JFC 1813H-S

Literature of Contact and Anthropological Thought, 16th-18th Century


mercredi 10h à midi


A. Motsch


Veuillez nous contacter.


Veuillez nous contacter.


This course analyzes the link between contact literature (travel literature, discovery literature, colonial literature) and the establishment of modernity and its discourses of knowledge. Taking into account the philosophical and political debates between the 16th and 18th century, the course seeks to account for the European expansion, in particular the colonization of the Americas, and the emergence of discourses of knowledge about other cultures.

Two aspects ought to be singled out here: the knowledge produced about «others» and the new consciousness of Europe’s own identity which was profoundly transformed in this very contact. The course follows the hypothesis that the philosophical and modern definition of modern Man is itself a result of the contact between Europe and its others. The discussions of the texts privilege epistemological aspects and anthropological and political thought. More precisely, the goal is to trace the various ways the emergence of the modern subject is tied to its construction of alterity. Literary texts for example will therefore be questioned about their social and political dimensions within the episteme of the time. 

A prominent issue will be the intercultural dynamic between the 16th and 18th centuries between Europe and the rest of the globe, but also within Europe itself. The development of new discourses of knowledge will involve texts of very different nature : literary, ethnographic, political, philosophical, historical, etc. Other aspects to be discussed are the issue of literary genres and canon formation, the conditions which make anthropological writing possible and the conceptualization of the «other» (ethnicity, race, religion, gender, etc.)

These texts to be studied could include the following ones. A final selection will be announced at the beginning of class and take into consideration particular interests of the students. This being said, suggestions are welcome and changes will happen, especially in the secondary literature which will reflect the latest scholarship. Texts discussed in class will be available in English translations.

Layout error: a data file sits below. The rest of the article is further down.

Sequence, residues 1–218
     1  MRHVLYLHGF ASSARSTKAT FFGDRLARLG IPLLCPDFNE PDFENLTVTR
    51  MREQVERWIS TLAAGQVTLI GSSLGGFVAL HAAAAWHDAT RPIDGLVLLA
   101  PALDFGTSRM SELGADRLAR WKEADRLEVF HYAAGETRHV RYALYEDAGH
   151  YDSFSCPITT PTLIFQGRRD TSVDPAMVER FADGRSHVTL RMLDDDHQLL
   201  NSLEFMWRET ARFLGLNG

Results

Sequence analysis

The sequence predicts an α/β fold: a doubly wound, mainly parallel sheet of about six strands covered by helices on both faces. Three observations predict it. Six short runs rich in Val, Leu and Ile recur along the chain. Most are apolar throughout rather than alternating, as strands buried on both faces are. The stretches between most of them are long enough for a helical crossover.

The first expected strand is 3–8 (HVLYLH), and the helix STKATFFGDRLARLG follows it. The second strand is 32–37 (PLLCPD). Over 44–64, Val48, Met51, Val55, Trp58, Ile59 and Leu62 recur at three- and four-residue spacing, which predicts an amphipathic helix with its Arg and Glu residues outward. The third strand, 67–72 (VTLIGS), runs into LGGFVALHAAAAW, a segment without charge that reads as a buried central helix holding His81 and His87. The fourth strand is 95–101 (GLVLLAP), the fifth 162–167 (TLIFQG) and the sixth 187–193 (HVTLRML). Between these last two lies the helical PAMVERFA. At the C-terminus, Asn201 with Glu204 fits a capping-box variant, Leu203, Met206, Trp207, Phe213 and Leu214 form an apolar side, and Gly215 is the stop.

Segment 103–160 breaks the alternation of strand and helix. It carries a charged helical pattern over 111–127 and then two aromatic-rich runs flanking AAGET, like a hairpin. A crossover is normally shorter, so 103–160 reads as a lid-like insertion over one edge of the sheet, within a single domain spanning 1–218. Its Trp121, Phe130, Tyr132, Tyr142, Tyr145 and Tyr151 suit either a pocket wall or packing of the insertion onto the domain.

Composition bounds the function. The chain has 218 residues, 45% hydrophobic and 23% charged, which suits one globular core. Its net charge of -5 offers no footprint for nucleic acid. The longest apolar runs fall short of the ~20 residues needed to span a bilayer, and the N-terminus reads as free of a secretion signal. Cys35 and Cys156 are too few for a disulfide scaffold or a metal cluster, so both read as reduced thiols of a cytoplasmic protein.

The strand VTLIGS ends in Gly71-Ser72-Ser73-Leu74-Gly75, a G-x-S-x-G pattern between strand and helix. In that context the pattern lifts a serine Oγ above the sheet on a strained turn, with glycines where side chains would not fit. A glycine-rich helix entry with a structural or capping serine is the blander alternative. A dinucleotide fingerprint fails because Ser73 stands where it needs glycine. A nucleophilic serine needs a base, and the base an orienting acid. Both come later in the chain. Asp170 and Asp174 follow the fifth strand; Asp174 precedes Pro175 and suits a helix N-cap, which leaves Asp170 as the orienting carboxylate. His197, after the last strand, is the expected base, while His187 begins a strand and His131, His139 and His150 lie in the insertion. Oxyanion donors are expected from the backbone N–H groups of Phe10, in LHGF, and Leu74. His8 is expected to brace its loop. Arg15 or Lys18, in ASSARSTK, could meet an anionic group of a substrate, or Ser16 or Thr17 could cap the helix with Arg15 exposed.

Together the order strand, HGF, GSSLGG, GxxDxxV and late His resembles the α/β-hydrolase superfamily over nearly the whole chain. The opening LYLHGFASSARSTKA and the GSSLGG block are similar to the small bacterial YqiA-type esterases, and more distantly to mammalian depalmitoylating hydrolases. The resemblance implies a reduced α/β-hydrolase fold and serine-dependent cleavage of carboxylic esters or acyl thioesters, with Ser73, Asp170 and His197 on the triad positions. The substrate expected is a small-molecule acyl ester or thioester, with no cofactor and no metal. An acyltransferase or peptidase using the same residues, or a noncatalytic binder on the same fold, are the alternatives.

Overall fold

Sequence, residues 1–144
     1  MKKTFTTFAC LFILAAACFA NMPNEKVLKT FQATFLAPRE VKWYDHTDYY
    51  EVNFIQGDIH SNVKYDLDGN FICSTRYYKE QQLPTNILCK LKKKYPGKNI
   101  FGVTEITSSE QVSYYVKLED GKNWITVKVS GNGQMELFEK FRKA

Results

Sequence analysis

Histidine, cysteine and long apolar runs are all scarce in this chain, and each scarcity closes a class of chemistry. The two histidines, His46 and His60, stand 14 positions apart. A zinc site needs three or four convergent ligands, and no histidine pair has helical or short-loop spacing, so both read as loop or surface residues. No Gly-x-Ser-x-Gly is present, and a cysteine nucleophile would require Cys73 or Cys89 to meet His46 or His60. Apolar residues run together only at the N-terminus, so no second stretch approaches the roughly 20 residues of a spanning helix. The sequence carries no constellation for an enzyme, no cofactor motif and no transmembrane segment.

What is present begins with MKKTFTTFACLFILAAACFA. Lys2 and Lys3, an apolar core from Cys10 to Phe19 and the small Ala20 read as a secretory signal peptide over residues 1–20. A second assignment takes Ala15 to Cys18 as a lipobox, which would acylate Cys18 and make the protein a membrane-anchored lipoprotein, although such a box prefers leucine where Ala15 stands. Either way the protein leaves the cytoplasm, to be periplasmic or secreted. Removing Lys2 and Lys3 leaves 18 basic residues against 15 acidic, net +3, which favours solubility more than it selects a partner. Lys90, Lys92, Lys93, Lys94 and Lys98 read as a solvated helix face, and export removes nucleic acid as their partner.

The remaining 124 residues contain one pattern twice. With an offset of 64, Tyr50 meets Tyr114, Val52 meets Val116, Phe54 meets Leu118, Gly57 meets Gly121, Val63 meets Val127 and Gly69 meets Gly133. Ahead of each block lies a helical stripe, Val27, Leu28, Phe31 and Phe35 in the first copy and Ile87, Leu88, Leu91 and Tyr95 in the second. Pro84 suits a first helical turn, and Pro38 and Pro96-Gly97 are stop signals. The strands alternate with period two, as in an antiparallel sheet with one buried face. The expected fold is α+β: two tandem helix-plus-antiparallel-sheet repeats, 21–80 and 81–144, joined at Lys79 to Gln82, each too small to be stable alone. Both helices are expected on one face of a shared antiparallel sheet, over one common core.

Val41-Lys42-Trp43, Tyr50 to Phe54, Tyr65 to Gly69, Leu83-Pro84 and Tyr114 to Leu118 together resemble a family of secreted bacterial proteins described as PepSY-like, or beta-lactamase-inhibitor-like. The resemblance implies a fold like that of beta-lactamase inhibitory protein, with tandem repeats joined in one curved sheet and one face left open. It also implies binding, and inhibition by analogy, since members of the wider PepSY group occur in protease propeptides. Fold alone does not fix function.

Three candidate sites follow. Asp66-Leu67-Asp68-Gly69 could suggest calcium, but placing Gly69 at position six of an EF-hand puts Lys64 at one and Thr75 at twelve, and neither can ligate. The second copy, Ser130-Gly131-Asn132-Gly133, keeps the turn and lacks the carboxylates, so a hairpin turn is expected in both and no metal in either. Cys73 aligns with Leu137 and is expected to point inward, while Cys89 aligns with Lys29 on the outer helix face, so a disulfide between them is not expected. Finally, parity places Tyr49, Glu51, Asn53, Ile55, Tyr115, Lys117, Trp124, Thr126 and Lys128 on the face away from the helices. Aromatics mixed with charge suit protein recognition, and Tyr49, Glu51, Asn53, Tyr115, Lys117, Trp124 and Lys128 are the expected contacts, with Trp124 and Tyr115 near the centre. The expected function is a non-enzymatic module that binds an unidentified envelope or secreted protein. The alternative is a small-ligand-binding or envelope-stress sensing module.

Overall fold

Primary texts

  • Montaigne, Essais (Des cannibales, Des coches)
  • José de Acosta, Historia natural y moral des las Indias
  • Bernardino de Sahagun, Historia general de las cosas de Nueva Espana
  • Robert Beverley, The History and Present State of Virginia
  • Walter Raleigh, The Discovery of Guiana
  • Jean de Léry, Histoire d’un voyage faict en la terre du Brésil
  • André Thévet, Singularitez de la France antarctique
  • Johanes Boemus, Omnium gentium mores leges et ritus…
  • Jesuit Relations (Lejeune, Brébeuf)
  • Lafitau, Mœurs des sauvages amériquains comparées aux mœurs des premiers temps
  • Lahontan, Dialogues du baron de Lahontan…
  • Rousseau, Discours sur l’origine de l’inégalité entre les hommes
  • Fontenelle, Entretiens sur la pluralité des mondes
  • Montesquieu, De l’esprit (extraits)
  • Immanuel Kant, Anthropolgie in pragmatischer Hinsicht

Secondary texts

  • Joan-Pau Rubiés & J. Elsner,  Voyages and Visions
  • James Axtell, After Columbus, Essays in the Ethnohistory of Colonial North America
  • Marie Louise Pratt “Arts of the contact zone”
  • Klaus Vogel, “Cultural variety in a Renaissance Perspective: Johannes Boemus on “The manners, laws an customs of all people”
  • Michel de Certeau, The writing of History (L’écriture de l’histoire (extraits))
  • Joan-Pau Rubiés, “The concept of cultural dialogue…”
  • Stephen Greenblatt, Marvelous Possessions
  • Johannes Fabian, Time and the Other
  • Peter Hulme, Colonial Encounters
  • Anthony Pagden, The Fall of Natural Man
  • José Rabasa, Inventing America: Spanish Historiography and the Formation of Eurocentrism

Travaux requis

one course presentation                                                                                  10%

a literature review (3-5 pages):                                                                        20%

Written assignment (ca. 25 pages)                                                                  60%

Overall assessment                                                                                         10%